Celebrating 70 Years of Dior at the Musée des Arts Décoratifs

“My dresses make a princess of every woman.” – Christian Dior

I love when a visit to a big city coincides with an interesting museum exhibit, which was exactly the case with “Christian Dior, Couturier du Rêve” at the Musée des Arts Décoratifs in Paris.  This special exhibit celebrates the 70th anniversary of the founding of the House of Dior and one of the most notable fashion designers of the 20th century.  Visitors are treated to a gorgeous multimedia retrospective of more than 300 gowns along with countless accessories, sketches, video and other artifacts to bring its history from 1947 to the present to life.  If you love art, design or fashion and will be in Paris over the coming months, there’s still time to see this truly amazing exhibit for yourself before it wraps up in January 2018.  You won’t be disappointed.

First and foremost, get your tickets in advance.  I cannot stress this point enough.  The line to get into the exhibit can be very long, and even if you do buy tickets beforehand you should still be prepared for a wait as there is limited space inside the exhibit area.  We purchased ours online a few days prior, arrived shortly after the museum opened and still waited about an hour to get inside.  It looks like museum has since instituted a time slot ticket policy (vs. day-specific only), which should help alleviate some of the wait time, but definitely be prepared just in case.  Additionally, I found that there was so much to take in that we easily spent a couple of hours at the exhibit and didn’t have time to explore the museum’s permanent collection so plan your time accordingly.

Once inside, there are 2 sections that span a total of more than 32,000 square feet.  Beginning with Dior’s early years as an art gallery owner in Paris in the 1920s who dreamed of being an architect, it was this appreciation for art and design along with other sources of inspiration – his artists friends, the architecture of Paris, his word travels and even the flowers in the garden of his childhood home in Normandy – that would play out in his work for years to come.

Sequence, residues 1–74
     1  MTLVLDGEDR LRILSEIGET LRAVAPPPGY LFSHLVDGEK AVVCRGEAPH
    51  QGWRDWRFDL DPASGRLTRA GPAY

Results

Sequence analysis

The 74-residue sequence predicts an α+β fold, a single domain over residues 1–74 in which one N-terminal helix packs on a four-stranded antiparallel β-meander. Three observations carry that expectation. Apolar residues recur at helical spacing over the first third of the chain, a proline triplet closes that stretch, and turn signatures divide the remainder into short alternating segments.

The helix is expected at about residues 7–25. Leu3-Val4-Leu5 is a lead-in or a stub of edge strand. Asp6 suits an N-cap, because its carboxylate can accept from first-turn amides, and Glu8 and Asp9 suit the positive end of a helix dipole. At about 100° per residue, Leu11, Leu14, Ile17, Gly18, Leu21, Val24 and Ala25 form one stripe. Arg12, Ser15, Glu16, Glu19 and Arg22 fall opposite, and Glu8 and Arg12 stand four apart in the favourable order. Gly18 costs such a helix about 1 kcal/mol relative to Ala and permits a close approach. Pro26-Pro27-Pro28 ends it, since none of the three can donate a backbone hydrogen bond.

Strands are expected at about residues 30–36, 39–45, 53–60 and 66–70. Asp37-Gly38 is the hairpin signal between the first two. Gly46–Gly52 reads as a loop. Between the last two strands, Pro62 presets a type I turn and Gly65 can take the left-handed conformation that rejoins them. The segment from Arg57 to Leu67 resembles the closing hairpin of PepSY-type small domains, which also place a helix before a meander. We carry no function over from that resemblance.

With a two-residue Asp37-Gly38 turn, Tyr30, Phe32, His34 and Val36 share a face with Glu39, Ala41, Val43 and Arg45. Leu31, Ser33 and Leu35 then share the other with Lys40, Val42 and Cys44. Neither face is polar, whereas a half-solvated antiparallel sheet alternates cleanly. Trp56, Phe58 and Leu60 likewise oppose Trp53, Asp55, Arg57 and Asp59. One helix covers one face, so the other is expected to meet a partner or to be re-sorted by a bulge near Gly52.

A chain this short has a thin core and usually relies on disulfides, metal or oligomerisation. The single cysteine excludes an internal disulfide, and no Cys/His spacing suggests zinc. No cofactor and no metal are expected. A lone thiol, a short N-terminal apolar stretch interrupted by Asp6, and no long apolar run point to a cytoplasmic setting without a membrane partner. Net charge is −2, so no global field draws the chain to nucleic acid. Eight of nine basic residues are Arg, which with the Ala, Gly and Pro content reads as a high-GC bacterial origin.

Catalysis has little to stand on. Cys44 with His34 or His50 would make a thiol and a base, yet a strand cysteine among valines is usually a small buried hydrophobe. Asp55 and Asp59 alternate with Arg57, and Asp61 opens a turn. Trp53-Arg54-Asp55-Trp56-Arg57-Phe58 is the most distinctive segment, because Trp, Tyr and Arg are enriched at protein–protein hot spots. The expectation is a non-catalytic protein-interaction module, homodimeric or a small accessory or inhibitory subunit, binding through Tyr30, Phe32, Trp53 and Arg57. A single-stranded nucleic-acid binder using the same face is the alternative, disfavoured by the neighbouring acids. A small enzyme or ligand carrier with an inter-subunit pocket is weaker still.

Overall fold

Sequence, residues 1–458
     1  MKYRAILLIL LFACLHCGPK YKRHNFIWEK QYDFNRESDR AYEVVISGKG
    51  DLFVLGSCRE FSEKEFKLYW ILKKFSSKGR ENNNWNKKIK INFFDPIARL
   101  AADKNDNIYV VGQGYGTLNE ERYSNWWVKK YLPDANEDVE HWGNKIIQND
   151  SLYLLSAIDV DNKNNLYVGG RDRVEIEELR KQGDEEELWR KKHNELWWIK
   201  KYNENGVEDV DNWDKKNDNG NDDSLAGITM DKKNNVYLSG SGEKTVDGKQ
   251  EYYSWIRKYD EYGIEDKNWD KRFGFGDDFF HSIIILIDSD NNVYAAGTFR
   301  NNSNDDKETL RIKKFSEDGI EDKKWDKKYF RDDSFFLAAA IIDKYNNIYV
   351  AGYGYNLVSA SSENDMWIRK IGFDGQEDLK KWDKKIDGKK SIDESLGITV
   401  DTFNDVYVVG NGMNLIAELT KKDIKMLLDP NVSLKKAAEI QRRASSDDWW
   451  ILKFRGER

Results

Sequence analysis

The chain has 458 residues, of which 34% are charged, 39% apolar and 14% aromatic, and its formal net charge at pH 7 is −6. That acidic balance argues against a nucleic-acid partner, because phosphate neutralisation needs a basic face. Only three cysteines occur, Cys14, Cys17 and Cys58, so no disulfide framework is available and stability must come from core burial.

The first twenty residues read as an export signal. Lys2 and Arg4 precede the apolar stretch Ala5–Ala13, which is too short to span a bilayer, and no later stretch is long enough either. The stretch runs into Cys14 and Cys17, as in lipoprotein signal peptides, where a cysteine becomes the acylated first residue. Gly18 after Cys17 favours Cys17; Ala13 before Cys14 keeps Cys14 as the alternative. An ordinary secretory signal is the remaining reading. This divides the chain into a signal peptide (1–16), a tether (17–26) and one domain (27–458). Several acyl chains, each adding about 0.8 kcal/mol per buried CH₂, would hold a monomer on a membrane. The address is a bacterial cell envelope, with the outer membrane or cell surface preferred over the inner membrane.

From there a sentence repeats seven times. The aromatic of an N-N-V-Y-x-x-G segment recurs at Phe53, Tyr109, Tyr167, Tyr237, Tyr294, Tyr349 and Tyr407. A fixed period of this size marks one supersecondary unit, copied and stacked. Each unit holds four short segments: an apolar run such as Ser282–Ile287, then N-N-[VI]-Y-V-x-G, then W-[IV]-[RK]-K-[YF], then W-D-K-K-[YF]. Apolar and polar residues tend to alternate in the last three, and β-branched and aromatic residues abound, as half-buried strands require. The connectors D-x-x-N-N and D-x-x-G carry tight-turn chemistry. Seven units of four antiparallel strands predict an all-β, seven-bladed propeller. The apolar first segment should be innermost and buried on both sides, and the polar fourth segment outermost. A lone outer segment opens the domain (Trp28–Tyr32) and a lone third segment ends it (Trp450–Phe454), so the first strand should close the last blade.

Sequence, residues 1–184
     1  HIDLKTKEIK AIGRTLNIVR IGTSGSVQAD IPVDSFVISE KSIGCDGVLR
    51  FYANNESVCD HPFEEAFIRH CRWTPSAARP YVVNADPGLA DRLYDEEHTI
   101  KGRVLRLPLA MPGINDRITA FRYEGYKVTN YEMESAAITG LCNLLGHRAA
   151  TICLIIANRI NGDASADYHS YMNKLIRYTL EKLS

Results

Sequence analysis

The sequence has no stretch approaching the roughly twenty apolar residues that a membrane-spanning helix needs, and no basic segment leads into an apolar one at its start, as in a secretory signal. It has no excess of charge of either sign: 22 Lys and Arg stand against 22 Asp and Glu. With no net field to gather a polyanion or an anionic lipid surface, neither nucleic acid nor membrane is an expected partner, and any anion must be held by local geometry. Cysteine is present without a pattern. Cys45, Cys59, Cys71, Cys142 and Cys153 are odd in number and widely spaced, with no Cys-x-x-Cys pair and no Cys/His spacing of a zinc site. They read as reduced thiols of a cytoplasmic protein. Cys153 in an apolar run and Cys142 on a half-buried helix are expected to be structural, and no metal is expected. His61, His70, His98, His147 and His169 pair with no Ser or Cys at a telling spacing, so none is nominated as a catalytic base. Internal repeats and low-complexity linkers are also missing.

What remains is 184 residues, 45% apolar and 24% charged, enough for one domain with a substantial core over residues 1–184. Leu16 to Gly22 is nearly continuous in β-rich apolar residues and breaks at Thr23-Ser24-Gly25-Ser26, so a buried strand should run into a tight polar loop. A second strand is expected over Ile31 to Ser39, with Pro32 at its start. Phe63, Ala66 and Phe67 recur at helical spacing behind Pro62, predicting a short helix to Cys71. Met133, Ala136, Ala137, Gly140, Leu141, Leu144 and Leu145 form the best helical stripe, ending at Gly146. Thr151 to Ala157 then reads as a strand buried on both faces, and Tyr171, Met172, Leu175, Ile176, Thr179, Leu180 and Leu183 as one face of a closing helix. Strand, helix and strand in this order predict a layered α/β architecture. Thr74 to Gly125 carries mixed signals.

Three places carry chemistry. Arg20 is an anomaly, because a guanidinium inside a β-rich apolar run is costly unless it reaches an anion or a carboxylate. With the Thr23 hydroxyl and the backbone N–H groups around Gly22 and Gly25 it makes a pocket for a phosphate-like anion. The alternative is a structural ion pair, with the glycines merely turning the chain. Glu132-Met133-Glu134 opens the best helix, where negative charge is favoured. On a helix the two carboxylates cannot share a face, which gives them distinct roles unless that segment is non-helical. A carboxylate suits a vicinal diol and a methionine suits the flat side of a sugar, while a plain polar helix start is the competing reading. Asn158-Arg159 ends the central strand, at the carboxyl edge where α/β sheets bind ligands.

With a wealth of artistic and visual culture to draw from, he launched the House of Dior in 1947.  His first collection redefined the feminine shape in the post-war years and helped put Paris on the map as the fashion capital of the world.  Dior’s “New Look” was characterized by nipped waists, ample busts, soft shoulders and sculpted hips, the most famous example being the Bar suit (named after the nearby bar at the Plaza Athénée hotel, a favorite haunt for fashionable women at the time), which remains an identifiable and iconic look today.

The Bar suit from Dior’s first collection in 1947

The exhibit also celebrates color as a unifying theme across pieces, styles and eras and the importance of the atelier and craftspeople, and showcases the work of Dior’s 6 successors including the first female and current creative director Maria Grazia Chiuri.

The grand finale is a sparkling room designed to evoke the glitz and glamour of the lavish post-war balls, which provided an opportunity to create sumptuous gowns once again.  The exhibit also pays homage to the celebrities who have famously worn Dior throughout the years, ranging from Grace Kelly, Marilyn Monroe and Elizabeth Taylor to Princess Diana, Marion Cotillard and Jennifer Lawrence, who accepted her first Oscar for Silver Linings Playbook in a timeless pink Dior gown.

If you go: “Christian Dior, Couturier du Rêve” at the Musée des Arts Décoratifs runs through January 7, 2018.  Tickets include access to the museum’s permanent collection.  For more information, visit lesartsdecoratifs.fr/en.

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